Ó Cadhain, of course, recognised that the Irish language issue was a class question, like all others. He boasted that the small élite Gaeltacht middle class of hoteliers, lawyers, gaimbín shopkeepers and priest-followers hated him and his radicalism, because they instinctively knew that the revival of the language meant, as he expressed it, the revival of the people who spoke the language. And the revival of that people was a most serious threat to power and privilege.
The other side of the equation was equally true. The Irish Language Movement had to rid itself of "respectability", the measúlacht which saw petitions and pleadings fall on the deaf ears of those from whom support for the language was only a pretence.
So, in his last political pamphlet, Gluaiseacht na Gaeilge: Gluaiseacht ar Strae (The Irish Language Movement, a movement astray) he argued that the Irish Language Movement had to be a part of the movement for socialist change. Not to be so, to divorce the language from social change, meant to make the language an academic and sterile exercise. And if the revival of Irish meant the revival of those who spoke it (primarily in the Gaeltacht) then that meant that the re-conquest of Ireland was the context of any real struggle on the Irish language question.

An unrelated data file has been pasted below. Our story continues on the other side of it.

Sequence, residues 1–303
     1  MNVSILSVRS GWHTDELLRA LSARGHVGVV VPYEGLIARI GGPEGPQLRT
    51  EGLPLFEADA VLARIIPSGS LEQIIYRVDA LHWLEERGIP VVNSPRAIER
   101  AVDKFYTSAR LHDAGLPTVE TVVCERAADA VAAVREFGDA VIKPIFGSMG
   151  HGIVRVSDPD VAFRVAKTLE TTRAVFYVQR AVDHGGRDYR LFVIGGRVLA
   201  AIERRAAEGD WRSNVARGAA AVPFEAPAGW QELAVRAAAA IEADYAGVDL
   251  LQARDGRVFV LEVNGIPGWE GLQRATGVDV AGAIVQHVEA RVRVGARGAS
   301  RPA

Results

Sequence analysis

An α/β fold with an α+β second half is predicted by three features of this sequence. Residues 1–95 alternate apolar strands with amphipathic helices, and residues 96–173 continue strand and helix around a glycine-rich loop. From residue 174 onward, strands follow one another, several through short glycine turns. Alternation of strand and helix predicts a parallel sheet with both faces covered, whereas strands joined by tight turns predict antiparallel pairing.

The instinctive democracy of the language movement, which Connolly praised from the outside, was the natural reality of Ó Cadhain's world outlook and his perspective on struggle.
He was no academic theorist, of course. As an IRA activist, member of the Army Council and republican leader (it was he who gave the oration at the grave of the dead Hunger Striker Tony D'Arcy, a victim of de Valera's principle of compromise), Ó Cadhain brought back to the language movement in the '60s a willingness to struggle and to risk all to advance the language as an integral part of a wider cause.